In fact this points to one of the most important applications of this research. In spite of all of the attention given of late to genomics, proteomics, transcriptomics, interactomics, and a number of other "omicses", we really have only an inkling of what is actually required to keep a cell functional. One obvious future direction of this research is to produce organisms with various subsets of the current genome, to determine exactly what the minimal set of genes is to keep something alive. I hasten to add that the subset that would eventually be arrived at would be specific to the starting set of genes in the genome; other starting points will almost certainly result in other final genomes. In other words, what might be the smallest number of genes needed to keep a Mycoplasma-derived organism alive might still be more than the smallest number of genes required for (say) a Rickettsia-derived organism, even if the original genome is larger. Nevertheless, given that the Mycoplasma genome is the smallest known, this is a good starting point.

So the minor hurdle that I mentioned earlier is that, while the genome is supposed to be functional from a minimal standpoint, there is no guarantee at this stage that it is in fact indefinitely viable; Venter may already have stripped the genome past its minimal complement of genes, and omitted some critical component to the genome without which the cell can eke by for several generations. Time will tell whether this is in fact the case, of course, and if it is, the remedy is obvious. Venter and his team have proven that they can generate a synthetic bacterium once; if this one fails, they need only do it again with a different genome, and repeat as necessary until they have something that works.

That leads to one of the major hurdles. This is a new genome, yes, but as I said already, it was taken from bits of other organisms' genomes. Probably the greatest milestone in synthetic biology will be when we are able to design completely new genes. This would amount to deciding what chemical reaction we want the gene's product to perform, how we want it regulated in the cell (specifically, what other genes and gene products it must interact with), and with that information alone coming up with a previously unknown string of A's, C's, G's and T's that can be inserted into a genome to do exactly what we ask of the new gene product. A fully synthetic life-form would have all of its genes so constructed, and none taken from already-extant organisms. This is precisely opposite to Venter's new organism, and its advent is probably decades away still, barring some major and sudden advance in our understanding of protein function and generation.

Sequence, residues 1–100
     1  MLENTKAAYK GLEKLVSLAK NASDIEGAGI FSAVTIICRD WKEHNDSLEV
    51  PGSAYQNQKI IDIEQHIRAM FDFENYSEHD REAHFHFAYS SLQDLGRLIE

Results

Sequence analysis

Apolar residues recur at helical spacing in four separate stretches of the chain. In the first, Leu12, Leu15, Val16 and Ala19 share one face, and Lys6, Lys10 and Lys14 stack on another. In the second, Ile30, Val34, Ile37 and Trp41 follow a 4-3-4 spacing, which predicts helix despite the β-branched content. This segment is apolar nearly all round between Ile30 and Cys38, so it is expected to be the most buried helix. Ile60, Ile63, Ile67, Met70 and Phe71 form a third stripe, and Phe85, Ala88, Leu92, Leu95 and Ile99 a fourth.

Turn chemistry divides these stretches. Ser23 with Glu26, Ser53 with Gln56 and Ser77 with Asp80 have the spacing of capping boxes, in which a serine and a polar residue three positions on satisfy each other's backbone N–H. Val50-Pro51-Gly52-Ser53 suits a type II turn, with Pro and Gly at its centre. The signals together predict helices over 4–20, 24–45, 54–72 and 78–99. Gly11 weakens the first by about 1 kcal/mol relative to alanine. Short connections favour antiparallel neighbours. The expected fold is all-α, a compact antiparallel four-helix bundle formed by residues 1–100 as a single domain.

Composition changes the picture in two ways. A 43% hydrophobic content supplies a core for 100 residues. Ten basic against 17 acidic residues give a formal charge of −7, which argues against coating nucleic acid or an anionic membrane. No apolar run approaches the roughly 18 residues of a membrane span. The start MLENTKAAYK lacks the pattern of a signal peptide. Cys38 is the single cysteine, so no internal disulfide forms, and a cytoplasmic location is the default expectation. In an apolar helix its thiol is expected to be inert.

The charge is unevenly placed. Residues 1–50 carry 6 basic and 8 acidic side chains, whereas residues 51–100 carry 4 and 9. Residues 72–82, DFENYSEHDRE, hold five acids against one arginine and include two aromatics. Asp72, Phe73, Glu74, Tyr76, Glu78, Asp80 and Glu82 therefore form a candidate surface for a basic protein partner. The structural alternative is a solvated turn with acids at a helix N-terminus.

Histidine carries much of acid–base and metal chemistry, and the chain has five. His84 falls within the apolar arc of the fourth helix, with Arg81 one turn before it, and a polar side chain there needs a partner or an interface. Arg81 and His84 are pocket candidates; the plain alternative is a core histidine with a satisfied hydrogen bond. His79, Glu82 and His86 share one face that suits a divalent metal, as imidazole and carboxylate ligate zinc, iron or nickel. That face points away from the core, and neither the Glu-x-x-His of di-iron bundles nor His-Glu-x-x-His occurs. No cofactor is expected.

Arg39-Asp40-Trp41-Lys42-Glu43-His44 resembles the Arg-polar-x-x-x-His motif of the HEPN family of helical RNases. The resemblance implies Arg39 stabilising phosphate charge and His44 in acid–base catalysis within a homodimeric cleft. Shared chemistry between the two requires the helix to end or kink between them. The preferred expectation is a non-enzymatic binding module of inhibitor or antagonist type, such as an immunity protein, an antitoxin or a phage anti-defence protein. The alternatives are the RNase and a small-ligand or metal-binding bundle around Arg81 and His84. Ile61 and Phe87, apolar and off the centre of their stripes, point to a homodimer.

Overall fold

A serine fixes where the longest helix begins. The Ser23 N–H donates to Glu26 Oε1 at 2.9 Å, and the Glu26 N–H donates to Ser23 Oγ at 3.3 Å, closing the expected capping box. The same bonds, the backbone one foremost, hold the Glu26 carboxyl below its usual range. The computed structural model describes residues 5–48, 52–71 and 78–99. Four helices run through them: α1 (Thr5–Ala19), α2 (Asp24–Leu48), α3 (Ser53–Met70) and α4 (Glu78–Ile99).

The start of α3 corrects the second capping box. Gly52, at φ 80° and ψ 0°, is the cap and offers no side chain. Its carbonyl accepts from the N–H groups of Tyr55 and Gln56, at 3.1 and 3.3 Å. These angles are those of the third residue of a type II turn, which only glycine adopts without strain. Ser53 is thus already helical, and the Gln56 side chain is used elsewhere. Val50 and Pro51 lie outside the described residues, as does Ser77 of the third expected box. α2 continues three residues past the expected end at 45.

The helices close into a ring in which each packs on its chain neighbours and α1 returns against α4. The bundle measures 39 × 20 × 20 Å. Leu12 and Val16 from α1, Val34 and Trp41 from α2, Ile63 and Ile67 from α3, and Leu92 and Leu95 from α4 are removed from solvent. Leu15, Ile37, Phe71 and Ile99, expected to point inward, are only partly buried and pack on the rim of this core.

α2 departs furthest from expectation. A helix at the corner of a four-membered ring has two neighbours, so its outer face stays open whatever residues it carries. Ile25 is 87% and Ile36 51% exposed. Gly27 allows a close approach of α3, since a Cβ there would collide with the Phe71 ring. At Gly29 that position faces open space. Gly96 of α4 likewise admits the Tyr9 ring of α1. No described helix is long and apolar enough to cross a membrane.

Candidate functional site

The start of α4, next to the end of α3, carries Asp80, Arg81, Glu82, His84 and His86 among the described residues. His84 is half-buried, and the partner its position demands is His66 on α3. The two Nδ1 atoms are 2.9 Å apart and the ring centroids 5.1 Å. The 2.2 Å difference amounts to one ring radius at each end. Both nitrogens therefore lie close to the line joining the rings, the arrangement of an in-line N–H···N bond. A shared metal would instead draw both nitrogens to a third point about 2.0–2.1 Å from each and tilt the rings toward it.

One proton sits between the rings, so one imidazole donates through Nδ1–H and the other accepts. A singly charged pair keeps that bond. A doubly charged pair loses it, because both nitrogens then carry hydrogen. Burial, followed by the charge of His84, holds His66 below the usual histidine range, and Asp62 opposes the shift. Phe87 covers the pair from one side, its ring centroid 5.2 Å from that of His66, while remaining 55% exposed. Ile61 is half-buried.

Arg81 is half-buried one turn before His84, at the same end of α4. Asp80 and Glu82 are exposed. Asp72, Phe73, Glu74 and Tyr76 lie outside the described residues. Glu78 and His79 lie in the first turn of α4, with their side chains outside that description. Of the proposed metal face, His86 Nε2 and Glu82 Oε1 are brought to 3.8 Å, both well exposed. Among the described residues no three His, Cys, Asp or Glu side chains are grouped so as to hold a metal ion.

Meanwhile, the fact that this technique requires that the new genome be injected into a "recipient" cell -- a previously viable organism that has left all of its life-sustaining machinery for its new genome to use -- is itself the other major hurdle to making a completely novel organism. While a truly and completely synthetic organism would need entirely novel genes, it would also need to be made without using any pre-existing cellular materials. This, and this alone, would be the actual creation of new life, similar to what happened naturally in Earth's primordial oceans some four billion years ago. We can already make coacervates, lipid vesicles similar to cell membranes, in the laboratory -- in fact, it was an exercise in my high school biology class! Putting those vesicles into the proper context for a living cell is probably not so easy, but also not impossible. Generating life in this sense will also probably require a rather different biochemistry from what Venter's techniques require. It may not be possible (or if so, prohibitively difficult) to make it work with the DNA-and-protein biochemistry used by all currently extant life. It may instead be necessary to replicate the "RNA World" that is thought to have preceded it, and probably in a progenotic sense, meaning that while all functions necessary for life would be carried out by the complete population of protocells, no individual cells would carry the full complement of genes required for those functions.

What all this amounts to is that Venter's procedure is a top-down approach: taking pre-existing components and combining them to create a new combination. The further steps down this road amount to trying to figure out which components can be removed without causing the system to collapse, and which can be simplified. This is a laudable goal, and I congratulate Venter and his team for making the advances that they have. But the truly groundbreaking work, based on the bottom-up approach, generating new life from whole cloth, has yet to be accomplished, and will not come soon.